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Big Revolution - Watching out for bear traps

Welcome to Friday's Big Revolution. Today's edition is a challenge to write as I finally relented and
July 20 · Issue #145 · View online
Big Revolution
Welcome to Friday’s Big Revolution. Today’s edition is a challenge to write as I finally relented and am getting a smart energy meter installed as I write this. That means the electricity (and thus my WiFi) is off. Will my laptop battery and mobile tethering data allowance hold out? Let’s find out…

Big things you need to know today
- Google’s ‘Fuchsia’ operating system is shaping up as a possible replacement for Android, Bloomberg reports. It’s currently under development by more than 100 staff,
- WhatsApp is to limit the number of times you can forward a message, in an attempt to reduce the spread of misinformation on the platform. The limit will be just 20 times (down from more than 250) unless you’re in India, where it will be five. India has a particularly serious problem with viral lies on WhatsApp.
- A leaked internal document confirms Apple’s new keyboard IS designed to improve reliability. The company hasn’t admitted this publicly, probably because of multiple ongoing lawsuits regarding the poor quality of recent MacBook Pro keyboards. MacRumors has the details.
- The UK government has warned that Huawei network and telecoms equipment may be a threat to national security, the BBC reports. This follows similar concerns about the Chinese company being raised by the US and Australian governments.
- Uber is now letting its drivers in LA and San Francisco sell snacks to passengers via a partnership with a company called Cargo.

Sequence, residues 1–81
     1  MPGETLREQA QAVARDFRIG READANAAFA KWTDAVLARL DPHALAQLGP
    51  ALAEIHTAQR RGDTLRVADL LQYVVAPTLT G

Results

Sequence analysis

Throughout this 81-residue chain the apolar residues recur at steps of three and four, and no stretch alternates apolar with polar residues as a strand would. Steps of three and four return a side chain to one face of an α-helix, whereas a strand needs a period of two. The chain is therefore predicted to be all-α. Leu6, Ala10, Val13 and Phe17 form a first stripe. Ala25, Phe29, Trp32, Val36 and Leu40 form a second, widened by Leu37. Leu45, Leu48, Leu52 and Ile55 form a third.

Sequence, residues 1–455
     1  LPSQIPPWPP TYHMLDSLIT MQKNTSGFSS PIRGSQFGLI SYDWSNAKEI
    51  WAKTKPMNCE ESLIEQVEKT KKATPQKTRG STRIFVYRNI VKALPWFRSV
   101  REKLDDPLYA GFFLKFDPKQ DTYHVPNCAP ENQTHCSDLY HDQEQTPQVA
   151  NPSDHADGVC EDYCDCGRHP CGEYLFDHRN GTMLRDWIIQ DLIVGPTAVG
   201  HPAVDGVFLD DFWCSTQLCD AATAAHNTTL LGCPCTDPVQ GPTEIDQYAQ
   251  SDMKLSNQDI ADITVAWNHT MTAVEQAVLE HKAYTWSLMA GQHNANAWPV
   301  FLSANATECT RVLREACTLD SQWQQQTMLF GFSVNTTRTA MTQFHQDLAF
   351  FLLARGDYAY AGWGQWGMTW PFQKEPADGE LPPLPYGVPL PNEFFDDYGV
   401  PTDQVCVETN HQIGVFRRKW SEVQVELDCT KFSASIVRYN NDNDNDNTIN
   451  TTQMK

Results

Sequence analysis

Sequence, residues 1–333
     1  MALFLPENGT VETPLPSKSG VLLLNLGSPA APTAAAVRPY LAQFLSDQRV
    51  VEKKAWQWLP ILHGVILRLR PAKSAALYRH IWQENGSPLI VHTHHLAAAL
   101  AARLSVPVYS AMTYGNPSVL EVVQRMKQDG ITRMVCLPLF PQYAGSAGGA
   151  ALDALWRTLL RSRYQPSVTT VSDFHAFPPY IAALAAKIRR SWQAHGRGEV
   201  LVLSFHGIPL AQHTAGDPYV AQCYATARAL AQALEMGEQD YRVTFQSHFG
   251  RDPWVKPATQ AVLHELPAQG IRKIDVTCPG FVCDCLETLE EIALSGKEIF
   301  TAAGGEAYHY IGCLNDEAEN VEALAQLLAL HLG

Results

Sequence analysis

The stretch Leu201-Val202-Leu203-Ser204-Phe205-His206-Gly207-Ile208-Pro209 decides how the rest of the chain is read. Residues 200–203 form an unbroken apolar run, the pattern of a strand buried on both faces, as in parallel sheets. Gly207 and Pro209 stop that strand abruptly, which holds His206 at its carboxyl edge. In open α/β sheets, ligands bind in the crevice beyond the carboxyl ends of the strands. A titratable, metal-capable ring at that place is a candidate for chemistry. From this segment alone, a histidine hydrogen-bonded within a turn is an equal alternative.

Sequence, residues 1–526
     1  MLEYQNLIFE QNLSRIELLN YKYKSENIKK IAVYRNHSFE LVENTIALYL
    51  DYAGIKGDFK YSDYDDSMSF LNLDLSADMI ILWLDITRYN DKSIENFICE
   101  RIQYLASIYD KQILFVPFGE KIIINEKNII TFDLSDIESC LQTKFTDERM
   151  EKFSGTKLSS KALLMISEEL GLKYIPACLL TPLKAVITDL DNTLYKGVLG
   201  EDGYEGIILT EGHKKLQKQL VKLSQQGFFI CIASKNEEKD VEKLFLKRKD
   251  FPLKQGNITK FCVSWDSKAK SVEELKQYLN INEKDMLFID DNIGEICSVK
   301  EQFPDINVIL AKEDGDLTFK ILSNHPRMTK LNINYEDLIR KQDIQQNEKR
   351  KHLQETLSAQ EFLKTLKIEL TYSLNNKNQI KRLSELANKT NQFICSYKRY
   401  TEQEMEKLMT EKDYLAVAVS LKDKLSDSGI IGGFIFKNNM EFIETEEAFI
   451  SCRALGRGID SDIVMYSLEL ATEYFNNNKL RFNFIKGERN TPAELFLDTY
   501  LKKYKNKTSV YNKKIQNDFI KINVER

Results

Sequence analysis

- Amazon’s iPhone app now helps you identify screws, nuts, and bolts to help you order more. The Part Finder feature uses computer vision and is a result of Amazon’s 2016 acquisition of a startup called Partpic. There’s no word on an Android version.
The big thought
1898 illustration of a bear trap
Watching out for bear traps
BuzzFeed made a big splash with its story yesterday that Mark Zuckerberg called a valued customer to congratulate him on his success. Yes, he called Donald Trump after his 2016 election win.
Indeed, Facebook apparently views the Trump campaign as one of its best customers:
“While Facebook has been reluctant to publicly acknowledge how well Trump used its social network to reach voters, it has celebrated the Republican presidential candidate’s campaign internally as one of the most imaginative uses of the company’s powerful advertising platform. In addition to interviews with Trump campaign staffers and former Facebook employees, BuzzFeed News obtained company presentations and memos that show the social media giant viewed Trump’s campaign as an “innovator” of a fast-moving, test-oriented approach to marketing on Facebook.”
The story highlights an important point; many people increasingly want companies to take a moral stance – to be more ‘human’ and less impartial. And when it comes to the Trump presidency, with all the stories of Russian collusion, the poor treatment of immigrant children, the environmental neglect and all the rest, well – it’s hard not to take a stance. You’re either against Trump, or you wholeheartedly endorse him, in many people’s eyes.
In real life though, Facebook is like any big corporation. It has to 'cosy up’ to whoever is in office to make sure it is in the best position to make money for its shareholders. The big difference is, unlike 'Big Oil’ or 'Big Health,’ Facebook has the power to make or break a president by directly influencing the electorate.
If Facebook did take a clear anti-Trump stance, it would likely trigger a political storm of right-wingers calling for it to be broken up to limit its power. So, you can understand why Zuckerberg treads so carefully and appears so morally bankrupt.
His Holocaust denial misstep this week was an example of him focusing all his attention on treading so carefully that he missed where he was going and put his foot straight into a bear trap. He’ll have to hope that staying neutral on the Trump presidency doesn’t turn out to be the biggest, most painful bear trap of all
One big read
I Switched On All My Phone’s Settings For A 10-Year-Old And It Was Fantastic I Switched On All My Phone’s Settings For A 10-Year-Old And It Was Fantastic
An adult lives life online like a child – and finds it much more pleasant.
That’s all for today...
And in case you’re wondering, yes, I made it through this whole email without running out of battery or data (the whole smart meter installation thing did make today’s email a little late though, sorry about that). Back tomorrow!
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